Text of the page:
RAWA Hearing Witnesses and Supporters

RAWA Hearing Witnesses and Supporters The Restoration of America's Wire Act hearing, scheduled for December 9th, saw the reveal of Rep. Jason Chaffetz's witness list.

He received backlash in March when his list included biased anti-online gambling witnesses. The hearing dubbed "A Casino in Every Smartphone - Law Enforcement Implications" will include the following witnesses:

· Joseph S. Campbell, Assistant Director FBI Criminal Investigative Division

· Mark Lipparelli, Nevada State Senator and former Nevada Gaming Control Board chairman

· Alan M. Wilson, Attorney General of South Carolina

· Donald W. Kleine, a Douglas County Nebraska prosecuting attorney

Chaffetz may still introduce last minute witnesses but observers don’t believe that the hearing will have much of an effect on the situation sway lawmakers toward RAWA.

In related news, there are just eight state Attorney Generals in support of RAWA as announced on Twitter by Poker Players Alliance executive director John Pappas.

Previously there were 15 who signed a similar initiative in 2014, which shows a significant loss of AG support this year.

The list of AG supporters include:

· Maine Attorney General Janet Mills

· Michigan Attorney General Bill Schuette

· Missouri Attorney General Chris Koster

· Nebraska Attorney General Doug Peterson

· Nevada Attorney General Adam Laxalt

· Oklahoma Attorney General Scott Pruitt

· South Carolina Attorney General Alan Wilson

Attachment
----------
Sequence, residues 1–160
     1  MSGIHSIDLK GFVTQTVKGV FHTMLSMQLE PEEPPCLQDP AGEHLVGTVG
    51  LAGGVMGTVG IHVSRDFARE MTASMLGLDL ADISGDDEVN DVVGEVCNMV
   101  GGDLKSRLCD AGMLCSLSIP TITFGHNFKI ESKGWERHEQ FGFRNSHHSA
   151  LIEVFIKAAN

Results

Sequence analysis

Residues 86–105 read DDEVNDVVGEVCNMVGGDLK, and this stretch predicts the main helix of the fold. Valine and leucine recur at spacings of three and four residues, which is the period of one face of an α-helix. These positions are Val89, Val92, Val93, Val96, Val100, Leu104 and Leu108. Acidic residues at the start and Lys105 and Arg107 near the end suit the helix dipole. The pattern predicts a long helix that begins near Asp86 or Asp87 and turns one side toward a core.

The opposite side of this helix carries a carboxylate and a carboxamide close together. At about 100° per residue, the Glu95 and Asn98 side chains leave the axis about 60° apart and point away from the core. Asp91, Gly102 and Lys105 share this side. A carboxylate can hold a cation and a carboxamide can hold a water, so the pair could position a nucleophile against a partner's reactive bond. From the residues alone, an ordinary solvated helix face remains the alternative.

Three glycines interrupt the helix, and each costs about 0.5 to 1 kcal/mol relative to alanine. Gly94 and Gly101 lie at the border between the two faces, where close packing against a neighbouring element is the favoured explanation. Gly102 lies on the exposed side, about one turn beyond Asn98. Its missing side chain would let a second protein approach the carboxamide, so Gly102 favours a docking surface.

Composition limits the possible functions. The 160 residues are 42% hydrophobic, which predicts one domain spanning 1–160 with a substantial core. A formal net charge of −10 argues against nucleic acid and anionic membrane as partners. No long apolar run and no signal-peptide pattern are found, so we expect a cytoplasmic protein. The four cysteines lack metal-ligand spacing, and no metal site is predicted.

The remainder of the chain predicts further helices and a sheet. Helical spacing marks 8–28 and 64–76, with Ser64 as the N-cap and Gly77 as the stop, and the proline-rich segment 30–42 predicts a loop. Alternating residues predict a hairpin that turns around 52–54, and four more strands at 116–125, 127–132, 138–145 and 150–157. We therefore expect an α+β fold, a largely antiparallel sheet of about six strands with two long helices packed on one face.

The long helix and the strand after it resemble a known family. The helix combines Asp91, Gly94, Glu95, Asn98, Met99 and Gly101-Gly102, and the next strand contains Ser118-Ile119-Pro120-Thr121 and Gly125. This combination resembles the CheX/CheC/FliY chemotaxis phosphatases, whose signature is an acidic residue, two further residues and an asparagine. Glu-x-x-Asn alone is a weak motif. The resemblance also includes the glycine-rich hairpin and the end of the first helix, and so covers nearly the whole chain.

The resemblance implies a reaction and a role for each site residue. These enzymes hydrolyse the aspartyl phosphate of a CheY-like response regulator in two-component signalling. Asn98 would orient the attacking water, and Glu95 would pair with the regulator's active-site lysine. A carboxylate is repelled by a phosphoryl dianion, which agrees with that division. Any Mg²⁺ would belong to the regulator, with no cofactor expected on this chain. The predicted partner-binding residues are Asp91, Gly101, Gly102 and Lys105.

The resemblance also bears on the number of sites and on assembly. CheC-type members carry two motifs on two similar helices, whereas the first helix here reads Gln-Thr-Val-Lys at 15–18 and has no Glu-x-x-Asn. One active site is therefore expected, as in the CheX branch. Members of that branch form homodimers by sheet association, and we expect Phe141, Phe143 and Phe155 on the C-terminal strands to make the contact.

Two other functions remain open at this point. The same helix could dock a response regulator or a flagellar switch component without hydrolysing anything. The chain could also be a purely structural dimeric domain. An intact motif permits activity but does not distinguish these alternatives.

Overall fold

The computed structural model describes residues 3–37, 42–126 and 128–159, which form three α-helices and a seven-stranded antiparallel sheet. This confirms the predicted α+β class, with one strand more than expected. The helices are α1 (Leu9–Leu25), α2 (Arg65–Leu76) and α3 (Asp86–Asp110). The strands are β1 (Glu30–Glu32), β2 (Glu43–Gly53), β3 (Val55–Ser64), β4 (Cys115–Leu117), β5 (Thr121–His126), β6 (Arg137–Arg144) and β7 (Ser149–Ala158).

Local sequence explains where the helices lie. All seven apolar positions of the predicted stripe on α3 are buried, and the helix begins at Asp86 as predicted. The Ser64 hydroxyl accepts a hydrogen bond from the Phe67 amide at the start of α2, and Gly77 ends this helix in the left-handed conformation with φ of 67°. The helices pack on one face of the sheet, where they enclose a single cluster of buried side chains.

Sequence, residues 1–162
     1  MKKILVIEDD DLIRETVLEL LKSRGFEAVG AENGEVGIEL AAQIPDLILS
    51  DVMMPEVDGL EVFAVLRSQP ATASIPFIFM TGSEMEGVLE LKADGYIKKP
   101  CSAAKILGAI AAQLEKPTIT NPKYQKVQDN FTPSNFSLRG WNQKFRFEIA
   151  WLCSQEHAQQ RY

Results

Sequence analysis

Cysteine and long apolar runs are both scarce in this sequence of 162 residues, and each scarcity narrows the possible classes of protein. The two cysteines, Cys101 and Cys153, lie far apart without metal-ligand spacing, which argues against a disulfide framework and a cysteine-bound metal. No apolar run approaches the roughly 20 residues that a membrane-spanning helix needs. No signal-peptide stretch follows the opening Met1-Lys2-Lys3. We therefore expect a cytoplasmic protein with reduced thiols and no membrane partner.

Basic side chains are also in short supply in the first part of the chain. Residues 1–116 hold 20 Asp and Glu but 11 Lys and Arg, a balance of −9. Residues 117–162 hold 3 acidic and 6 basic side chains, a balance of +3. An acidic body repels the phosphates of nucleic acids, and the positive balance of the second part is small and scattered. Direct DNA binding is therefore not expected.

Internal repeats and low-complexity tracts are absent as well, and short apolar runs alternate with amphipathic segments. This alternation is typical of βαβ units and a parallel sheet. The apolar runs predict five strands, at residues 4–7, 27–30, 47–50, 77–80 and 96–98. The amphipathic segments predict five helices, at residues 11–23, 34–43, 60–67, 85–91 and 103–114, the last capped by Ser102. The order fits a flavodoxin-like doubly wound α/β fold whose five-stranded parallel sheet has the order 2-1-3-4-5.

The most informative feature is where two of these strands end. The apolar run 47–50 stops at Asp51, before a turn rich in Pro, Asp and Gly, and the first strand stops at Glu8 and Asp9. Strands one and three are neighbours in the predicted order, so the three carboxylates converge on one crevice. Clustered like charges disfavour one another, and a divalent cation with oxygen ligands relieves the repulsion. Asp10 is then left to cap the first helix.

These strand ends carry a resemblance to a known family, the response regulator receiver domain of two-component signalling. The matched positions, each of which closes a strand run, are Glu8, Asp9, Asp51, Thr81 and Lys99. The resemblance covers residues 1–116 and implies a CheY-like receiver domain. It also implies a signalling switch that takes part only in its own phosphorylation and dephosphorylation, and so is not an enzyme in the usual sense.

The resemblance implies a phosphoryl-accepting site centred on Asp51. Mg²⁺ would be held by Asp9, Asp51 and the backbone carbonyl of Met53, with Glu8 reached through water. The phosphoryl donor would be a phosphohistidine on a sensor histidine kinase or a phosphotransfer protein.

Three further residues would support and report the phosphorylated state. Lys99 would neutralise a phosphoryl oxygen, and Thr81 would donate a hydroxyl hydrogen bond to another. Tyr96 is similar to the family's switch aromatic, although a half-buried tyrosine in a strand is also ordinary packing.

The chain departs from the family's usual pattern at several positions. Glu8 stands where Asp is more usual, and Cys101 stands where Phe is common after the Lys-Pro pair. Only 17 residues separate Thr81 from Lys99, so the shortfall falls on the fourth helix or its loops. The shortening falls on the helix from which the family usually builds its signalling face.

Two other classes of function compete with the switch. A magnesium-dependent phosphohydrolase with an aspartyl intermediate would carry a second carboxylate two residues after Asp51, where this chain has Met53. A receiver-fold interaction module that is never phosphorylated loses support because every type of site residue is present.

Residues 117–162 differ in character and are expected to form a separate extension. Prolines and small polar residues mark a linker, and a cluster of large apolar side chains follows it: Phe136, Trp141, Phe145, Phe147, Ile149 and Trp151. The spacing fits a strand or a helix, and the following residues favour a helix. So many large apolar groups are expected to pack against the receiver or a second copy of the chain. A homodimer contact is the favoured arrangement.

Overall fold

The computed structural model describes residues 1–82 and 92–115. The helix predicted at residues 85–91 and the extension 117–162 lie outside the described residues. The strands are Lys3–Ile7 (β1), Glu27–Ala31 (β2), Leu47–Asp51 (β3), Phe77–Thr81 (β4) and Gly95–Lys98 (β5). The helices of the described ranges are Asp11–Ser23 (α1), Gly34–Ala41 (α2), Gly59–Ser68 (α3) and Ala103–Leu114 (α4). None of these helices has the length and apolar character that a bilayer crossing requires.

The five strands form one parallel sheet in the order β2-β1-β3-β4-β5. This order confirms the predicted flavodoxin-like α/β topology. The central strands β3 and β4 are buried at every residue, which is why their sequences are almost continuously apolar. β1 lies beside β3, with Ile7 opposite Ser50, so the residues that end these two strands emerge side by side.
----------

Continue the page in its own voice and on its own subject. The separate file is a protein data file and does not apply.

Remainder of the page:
· South Dakota Attorney General Marty Jackley

Interestingly enough, Laxalt supports the ban despite the legality of online gambling in his state. He addressed his decision to the United States House and Senate Judiciary Committees expressing a need for "...Congress to review and opine on the reach and application of the Wire Act," but additionally believes that it is "...incumbent upon the policymakers of Congress to protect current and future technological innovation of licensed and regulated gaming-related devices, table games, accounting, financial, and player reward systems, as well as other systems and networks central to the success of land-based casino resorts, from any prohibition that may result from overly broad amendment language to the Wire Act of 1961."
  • There is more Media coverage than there is support for the efforts to restore the RAWA. I just don't see it getting that far, the Supreme Court that is, like OOPaloo suggests in his statement, but anything can happen. Too many states with their own online gambling sites and too much time, effort and money already under the bridge to change now. By sometime in 2016, the USA will have to put this baby to bed once and for all.....
  • If the congress decides to reinstate RAWA then, this whole controversy sounds like something that might eventually end up in the Supreme Court. There are many interests on both sides and the application and interpretation of the law are up for grabs as the wire act was first written before there was an internet and the newer technologies today.

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